Susan Riley, a member of Nicholson & Company, PLLC, in Hattiesburg, says this tax season is going well.
“We are concentrating on meeting the April 17 deadline for all of our clients who want to file by that time,” she said. “There are several clients who have already expressed an interest in filing extensions.”
For Riley and other CPAs in South Mississippi and along the Coast, the biggest challenge is having clients who’re trying to file a 2005 and a 2006 return by April 17. “Most clients are prepared when they come in, but a few lack the necessary documentation for their Katrina losses,” she said. “We are seeing many more Katrina claims coming through for 2006 than I had anticipated.”
She believes this tax season has been more stressful than 2005 and is coping by trying to eat well, get proper sleep and exercise as much as she can fit in. “That’s the best way for me to handle stress,” she said. “After the 17th, we will take a three-day weekend. Our firm will be undergoing its triennial peer review for the first week of May so we will be preparing for that. I plan to take a vacation after the peer review is completed.”
Jimmy Stokes is anxious about the April 17th deadline. A partner and managing member of Alexander, Van Loon, Sloan, Levens and Favre firm in Gulfport, he has mixed emotions.
“On the Coast, we’ve been in tax season since January 2004. We have extra anxiety because we still have hundreds of 2005 returns that haven’t gone out, and they’re due April 17, the same day the 2006 returns are due,” he said. “CPAs like to have systems and as many things on systems as they can possibly have. Katrina has upset all that.”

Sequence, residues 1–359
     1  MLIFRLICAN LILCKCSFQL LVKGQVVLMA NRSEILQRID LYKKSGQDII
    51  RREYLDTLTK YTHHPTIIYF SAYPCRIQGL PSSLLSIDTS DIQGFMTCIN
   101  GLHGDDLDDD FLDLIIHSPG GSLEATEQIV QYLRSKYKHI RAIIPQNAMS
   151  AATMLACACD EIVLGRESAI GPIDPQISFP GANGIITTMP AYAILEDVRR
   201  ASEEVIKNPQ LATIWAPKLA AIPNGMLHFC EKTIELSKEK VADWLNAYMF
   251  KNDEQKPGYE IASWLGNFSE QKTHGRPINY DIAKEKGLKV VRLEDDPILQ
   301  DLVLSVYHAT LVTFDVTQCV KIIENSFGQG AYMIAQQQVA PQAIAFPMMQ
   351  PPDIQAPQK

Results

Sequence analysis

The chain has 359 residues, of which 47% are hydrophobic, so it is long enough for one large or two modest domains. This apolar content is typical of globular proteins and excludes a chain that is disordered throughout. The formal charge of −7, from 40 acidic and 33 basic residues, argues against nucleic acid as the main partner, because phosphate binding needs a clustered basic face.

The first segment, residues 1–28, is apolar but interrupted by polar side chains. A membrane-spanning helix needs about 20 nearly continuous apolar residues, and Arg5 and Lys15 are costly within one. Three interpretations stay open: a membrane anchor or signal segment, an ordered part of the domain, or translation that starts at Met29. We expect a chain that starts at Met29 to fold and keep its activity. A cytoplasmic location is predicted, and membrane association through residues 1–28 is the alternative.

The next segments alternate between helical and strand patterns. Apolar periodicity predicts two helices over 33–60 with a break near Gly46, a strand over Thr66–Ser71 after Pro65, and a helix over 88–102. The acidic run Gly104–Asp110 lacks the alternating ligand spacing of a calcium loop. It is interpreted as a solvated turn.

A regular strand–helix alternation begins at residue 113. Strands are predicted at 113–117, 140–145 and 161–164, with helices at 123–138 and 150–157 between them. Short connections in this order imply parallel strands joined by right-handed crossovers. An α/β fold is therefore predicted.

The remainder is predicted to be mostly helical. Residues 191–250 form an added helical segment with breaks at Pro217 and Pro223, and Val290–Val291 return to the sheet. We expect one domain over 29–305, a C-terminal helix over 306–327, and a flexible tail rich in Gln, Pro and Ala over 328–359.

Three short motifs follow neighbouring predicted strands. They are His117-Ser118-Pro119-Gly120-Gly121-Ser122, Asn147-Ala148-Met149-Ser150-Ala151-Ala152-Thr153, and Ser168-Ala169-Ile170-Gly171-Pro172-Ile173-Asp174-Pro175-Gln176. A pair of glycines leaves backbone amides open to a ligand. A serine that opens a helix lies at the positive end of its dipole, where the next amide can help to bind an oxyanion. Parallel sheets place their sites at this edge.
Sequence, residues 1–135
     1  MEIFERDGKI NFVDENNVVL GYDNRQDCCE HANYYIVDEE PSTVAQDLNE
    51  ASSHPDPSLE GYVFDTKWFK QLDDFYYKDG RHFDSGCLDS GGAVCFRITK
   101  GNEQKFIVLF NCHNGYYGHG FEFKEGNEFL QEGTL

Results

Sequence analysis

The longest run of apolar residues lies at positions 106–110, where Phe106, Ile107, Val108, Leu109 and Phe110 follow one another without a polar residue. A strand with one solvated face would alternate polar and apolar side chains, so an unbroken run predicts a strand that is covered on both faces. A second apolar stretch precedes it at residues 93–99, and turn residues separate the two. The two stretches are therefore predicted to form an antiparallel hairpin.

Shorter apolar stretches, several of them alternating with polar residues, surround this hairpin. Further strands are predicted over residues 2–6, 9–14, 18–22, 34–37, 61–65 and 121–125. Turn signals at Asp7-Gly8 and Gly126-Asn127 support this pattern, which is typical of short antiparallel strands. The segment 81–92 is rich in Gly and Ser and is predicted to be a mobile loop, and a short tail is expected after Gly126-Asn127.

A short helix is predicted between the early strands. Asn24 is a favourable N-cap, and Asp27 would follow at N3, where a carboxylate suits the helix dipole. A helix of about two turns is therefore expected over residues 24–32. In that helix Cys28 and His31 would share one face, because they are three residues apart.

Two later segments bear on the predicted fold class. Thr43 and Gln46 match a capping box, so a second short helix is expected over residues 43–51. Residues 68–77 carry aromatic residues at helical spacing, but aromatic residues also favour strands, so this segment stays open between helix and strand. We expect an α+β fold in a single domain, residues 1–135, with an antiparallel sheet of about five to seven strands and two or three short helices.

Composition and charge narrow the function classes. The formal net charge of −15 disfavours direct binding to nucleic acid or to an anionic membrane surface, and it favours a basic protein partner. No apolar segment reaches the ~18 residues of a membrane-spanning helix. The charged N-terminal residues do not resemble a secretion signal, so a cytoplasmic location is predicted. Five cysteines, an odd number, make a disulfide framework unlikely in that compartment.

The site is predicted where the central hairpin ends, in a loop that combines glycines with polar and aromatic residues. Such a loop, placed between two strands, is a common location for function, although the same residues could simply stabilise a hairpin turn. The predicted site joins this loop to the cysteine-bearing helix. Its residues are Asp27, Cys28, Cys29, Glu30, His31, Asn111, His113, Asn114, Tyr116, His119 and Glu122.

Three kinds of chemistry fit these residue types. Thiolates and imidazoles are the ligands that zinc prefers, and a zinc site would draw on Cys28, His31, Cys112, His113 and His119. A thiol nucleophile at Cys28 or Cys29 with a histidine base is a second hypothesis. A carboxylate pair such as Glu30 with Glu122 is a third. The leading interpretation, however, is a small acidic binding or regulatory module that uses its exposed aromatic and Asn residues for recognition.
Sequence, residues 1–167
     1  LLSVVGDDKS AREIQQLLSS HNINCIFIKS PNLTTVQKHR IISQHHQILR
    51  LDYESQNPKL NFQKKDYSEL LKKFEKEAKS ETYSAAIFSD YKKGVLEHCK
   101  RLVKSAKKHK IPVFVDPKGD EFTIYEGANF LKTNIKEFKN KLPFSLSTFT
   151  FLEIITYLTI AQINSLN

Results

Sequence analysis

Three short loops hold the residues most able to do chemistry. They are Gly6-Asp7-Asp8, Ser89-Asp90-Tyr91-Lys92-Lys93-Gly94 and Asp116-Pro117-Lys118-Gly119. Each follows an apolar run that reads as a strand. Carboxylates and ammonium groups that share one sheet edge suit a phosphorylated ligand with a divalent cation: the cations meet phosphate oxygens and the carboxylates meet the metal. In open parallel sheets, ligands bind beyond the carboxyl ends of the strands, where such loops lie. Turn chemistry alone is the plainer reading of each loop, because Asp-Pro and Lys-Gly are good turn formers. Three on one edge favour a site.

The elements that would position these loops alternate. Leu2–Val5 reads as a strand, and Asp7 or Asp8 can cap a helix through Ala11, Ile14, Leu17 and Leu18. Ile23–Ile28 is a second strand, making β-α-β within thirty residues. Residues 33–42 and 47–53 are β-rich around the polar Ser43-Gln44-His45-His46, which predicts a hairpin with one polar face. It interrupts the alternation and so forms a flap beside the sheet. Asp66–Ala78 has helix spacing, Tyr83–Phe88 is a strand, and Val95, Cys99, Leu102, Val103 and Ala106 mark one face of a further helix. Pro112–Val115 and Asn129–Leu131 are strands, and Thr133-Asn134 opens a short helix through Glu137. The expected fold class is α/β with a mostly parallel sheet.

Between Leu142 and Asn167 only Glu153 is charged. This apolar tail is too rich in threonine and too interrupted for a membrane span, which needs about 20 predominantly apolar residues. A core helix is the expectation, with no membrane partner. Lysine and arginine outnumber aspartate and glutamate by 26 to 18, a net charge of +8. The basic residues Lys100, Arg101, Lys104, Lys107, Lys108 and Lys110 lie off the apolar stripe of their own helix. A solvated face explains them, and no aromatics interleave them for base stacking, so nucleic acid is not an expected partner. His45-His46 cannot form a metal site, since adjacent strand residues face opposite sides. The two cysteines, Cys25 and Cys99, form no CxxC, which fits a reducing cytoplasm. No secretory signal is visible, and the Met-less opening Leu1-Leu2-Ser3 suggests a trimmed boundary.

Those factors have weighed heavily on all Coast accounting firms, and this is a stressful season, Stokes says. “We’re doing the best we can,” he said. “We’ve narrowed our client base some and put a notice out front letting clients know that 2006 will be on extension so we can focus on 2005.”
The staff at Alexander Van Loon is limited to 48 hours a week. “We must weigh out what’s best for everyone,” Stokes said. “We try to come out with a balance, and everybody tries as much as possible to leave all of this at work.”
He says clients have been more understanding post-Katrina and everybody is more flexible. “They tell us to do whatever we need to do,” he said. “What we’ve been through puts things in better perspective and that’s good for the community as a whole. It won’t kill anyone to take an extension on ’06.”
For himself, Stokes too looks at things differently post-Katrina. “I watch my children play sports. I go for a walk with my wife,” he said. “I know what’s important in life and what’s not.”
Everyone at the firm will take a breather after April 17 but not for long with the October 15 deadline looming for extensions.
Contact MBJ contributing Lynn Lofton at firstname.lastname@example.org.